Monday, 12 November 2012

When being lonely feels normal, is it time to worry?

A quick browse of my e-mails and blog follows today included a couple of articles that caught my eye.  The first was one on the impact of social isolation on the human brain.  According to researchers, spending too much time without social interaction actually changes brains.  And that change makes it harder for people to even want to meet new people and become less isolated. Which increases isolation and adds to the brain changes. So the problem deepens over time.

As an at-home mom and freelance writer who moved to a new city last year, I can tell you it's true without even looking at the test data.  After over a year spending most days alone, it's become hard to even imagine having friends around.  And just the other day, I announced to my family that I had given up on the idea entirely.  And what's more, I was just fine with that.

"It's just the way it is," I said. "My friends are online and in Florida, not here in Austin. But that's okay. I am fine with not trying to make friends here anymore."

After reading about the research, the scariest part of my statement is that I absolutely meant it.  My daughter is at school all day.  My husband heads to the gym after work, and is seldom home before 7 pm...sometimes later. I spend most days here at home writing and taking care of our home (cooking, laundry, etc.) That has become my normal.

Once in a while, I'll attend an event...a book group or a SEO meeting.  I go to yoga at the gym several times a week, but no one talks to each other there.  And we go to services and Torah (Bible) classes every week. As a family, we often go out to dinner, or take a walk at the Domain or downtown.  But that's about it for me. No actual non-family social time with friends.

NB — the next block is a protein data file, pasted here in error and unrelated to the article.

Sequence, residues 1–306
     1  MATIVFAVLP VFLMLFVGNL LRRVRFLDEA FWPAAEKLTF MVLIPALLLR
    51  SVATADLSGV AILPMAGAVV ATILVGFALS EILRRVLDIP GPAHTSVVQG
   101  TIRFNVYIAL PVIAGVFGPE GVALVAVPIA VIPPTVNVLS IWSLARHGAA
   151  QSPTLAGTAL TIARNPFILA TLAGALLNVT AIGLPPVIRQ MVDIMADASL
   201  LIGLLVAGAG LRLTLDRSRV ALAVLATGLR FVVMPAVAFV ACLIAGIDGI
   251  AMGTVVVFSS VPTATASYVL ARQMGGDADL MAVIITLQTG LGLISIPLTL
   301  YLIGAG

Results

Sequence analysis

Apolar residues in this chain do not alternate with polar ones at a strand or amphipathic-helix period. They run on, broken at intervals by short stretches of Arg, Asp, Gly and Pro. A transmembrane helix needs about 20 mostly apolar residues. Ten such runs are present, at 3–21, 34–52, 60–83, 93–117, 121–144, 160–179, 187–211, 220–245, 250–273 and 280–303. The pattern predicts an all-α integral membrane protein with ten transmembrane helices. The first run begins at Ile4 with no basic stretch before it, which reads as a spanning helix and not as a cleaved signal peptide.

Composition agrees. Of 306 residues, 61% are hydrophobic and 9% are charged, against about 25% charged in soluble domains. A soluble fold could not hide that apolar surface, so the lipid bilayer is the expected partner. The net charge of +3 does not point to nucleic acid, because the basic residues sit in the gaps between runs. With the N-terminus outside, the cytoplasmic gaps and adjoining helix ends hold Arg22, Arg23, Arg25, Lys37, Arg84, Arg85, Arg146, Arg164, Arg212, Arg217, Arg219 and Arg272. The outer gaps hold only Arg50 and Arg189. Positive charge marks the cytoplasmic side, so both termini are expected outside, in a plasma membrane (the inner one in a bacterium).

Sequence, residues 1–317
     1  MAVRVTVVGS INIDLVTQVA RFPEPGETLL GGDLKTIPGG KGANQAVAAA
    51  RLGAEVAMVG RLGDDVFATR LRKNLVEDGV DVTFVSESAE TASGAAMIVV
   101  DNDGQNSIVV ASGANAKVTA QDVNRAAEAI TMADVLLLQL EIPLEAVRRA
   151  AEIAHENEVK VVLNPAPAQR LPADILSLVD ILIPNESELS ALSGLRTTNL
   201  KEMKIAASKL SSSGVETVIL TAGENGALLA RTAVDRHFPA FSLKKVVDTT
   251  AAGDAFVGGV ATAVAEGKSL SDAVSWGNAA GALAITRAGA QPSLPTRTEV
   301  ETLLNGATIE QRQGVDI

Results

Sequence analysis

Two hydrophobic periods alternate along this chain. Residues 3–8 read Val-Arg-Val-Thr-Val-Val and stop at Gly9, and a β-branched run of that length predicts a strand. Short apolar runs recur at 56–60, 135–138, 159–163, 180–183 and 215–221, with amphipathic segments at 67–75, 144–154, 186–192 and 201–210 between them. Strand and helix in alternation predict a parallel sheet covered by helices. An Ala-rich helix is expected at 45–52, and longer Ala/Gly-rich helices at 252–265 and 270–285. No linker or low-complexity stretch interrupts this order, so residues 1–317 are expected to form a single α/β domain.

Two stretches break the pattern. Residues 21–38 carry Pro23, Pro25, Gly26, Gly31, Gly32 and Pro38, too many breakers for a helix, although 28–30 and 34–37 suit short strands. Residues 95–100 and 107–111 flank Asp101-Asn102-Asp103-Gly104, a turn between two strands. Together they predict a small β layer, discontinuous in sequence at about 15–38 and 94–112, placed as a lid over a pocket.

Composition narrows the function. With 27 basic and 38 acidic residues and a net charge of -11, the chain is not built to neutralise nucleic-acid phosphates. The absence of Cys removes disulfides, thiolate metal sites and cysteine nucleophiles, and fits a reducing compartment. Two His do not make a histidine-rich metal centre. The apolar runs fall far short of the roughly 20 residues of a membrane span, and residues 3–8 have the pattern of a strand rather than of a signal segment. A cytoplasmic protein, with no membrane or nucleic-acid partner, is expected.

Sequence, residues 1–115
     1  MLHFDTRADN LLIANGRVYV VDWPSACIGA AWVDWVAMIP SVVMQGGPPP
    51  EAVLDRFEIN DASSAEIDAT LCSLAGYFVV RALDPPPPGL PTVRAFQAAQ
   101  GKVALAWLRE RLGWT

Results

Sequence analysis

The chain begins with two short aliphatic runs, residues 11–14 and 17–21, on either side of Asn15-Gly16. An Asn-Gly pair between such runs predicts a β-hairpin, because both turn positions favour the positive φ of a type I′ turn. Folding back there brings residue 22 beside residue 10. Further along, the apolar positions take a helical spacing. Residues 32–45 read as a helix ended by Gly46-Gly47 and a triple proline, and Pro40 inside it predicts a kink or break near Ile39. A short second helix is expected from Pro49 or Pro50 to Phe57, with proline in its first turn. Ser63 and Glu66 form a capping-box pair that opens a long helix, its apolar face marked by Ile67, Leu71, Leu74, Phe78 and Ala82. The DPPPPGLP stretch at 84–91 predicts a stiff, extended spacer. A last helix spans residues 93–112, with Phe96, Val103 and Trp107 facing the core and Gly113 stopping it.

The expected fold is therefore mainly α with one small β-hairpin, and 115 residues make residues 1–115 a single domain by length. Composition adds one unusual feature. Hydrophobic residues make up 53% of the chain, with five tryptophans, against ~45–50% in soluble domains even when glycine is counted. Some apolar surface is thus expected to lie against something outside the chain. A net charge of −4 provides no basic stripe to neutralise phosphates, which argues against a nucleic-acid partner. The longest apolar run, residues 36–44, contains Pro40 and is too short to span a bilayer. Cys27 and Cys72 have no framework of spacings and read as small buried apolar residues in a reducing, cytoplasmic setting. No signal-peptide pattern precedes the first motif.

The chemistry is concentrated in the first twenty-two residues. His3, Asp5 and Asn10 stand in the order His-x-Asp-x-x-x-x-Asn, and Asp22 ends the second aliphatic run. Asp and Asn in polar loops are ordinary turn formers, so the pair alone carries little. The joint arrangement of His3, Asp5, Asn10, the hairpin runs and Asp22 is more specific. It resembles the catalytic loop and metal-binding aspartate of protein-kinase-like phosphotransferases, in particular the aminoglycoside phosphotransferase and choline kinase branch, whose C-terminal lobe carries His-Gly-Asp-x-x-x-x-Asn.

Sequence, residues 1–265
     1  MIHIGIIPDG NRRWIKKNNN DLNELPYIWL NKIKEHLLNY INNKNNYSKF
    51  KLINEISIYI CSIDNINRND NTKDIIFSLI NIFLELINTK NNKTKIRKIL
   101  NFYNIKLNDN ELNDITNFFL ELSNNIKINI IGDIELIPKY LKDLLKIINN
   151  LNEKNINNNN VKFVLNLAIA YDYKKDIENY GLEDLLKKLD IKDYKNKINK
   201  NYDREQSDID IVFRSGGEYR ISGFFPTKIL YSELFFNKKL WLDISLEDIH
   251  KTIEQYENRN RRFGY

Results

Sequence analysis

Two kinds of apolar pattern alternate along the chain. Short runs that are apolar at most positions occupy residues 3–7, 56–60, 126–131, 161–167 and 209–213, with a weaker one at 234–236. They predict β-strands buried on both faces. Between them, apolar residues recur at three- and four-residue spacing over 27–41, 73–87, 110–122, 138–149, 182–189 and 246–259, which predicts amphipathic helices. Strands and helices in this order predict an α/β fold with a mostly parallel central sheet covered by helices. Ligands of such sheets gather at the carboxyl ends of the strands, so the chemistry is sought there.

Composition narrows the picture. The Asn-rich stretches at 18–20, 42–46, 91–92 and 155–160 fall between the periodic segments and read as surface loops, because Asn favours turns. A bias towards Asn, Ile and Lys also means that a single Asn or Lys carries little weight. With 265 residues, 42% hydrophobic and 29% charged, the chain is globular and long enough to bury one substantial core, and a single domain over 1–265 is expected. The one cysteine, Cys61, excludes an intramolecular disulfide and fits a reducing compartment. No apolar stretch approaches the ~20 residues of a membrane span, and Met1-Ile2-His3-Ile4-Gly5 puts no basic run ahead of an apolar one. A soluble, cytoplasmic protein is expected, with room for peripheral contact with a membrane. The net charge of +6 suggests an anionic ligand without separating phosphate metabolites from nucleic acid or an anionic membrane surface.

But I had no plans to try and change that. The effort it takes to get out and meet people one-on-one and try to make connections seemed like far too much work to be worth it. In fact, I've recently contemplated dumping the mystery book group.  And the number of SEO meetings I actually make it to have been dropping quickly.  I even noticed that the connections I used to maintain online are slipping away.  I just didn't question why.

But now I know why it was so comfortable to decide to give up on the whole friends thing. My brain is morphing. My days, weeks and months alone have changed how I think...and who I am.  That aversion to social invitations?  My feelings of discomfort at networking events?  My loss of interest in chatting with friends online?  It's not just my natural introversion.  It's the impact of the isolation re-wiring my thinking.

The researchers did find that the changes were completely reversible when social interactions increased.  What they didn't answer was how that happens.  If, as they found, new social connections become unappealing, how do you cross that barrier to build them?

And how do you get past just not caring if you do?

1 comment:

BLiSsAngELs said...

oh my I feel you have just summed n my life too .... I thought it was my age ... other birthday looming.. I too I'm happy with spending time on my own I even told hubby that I didn't want to go to the yearly Thanksgiving lunch this year and christmas party.. for get it .... so what to do???? ... hugs wendy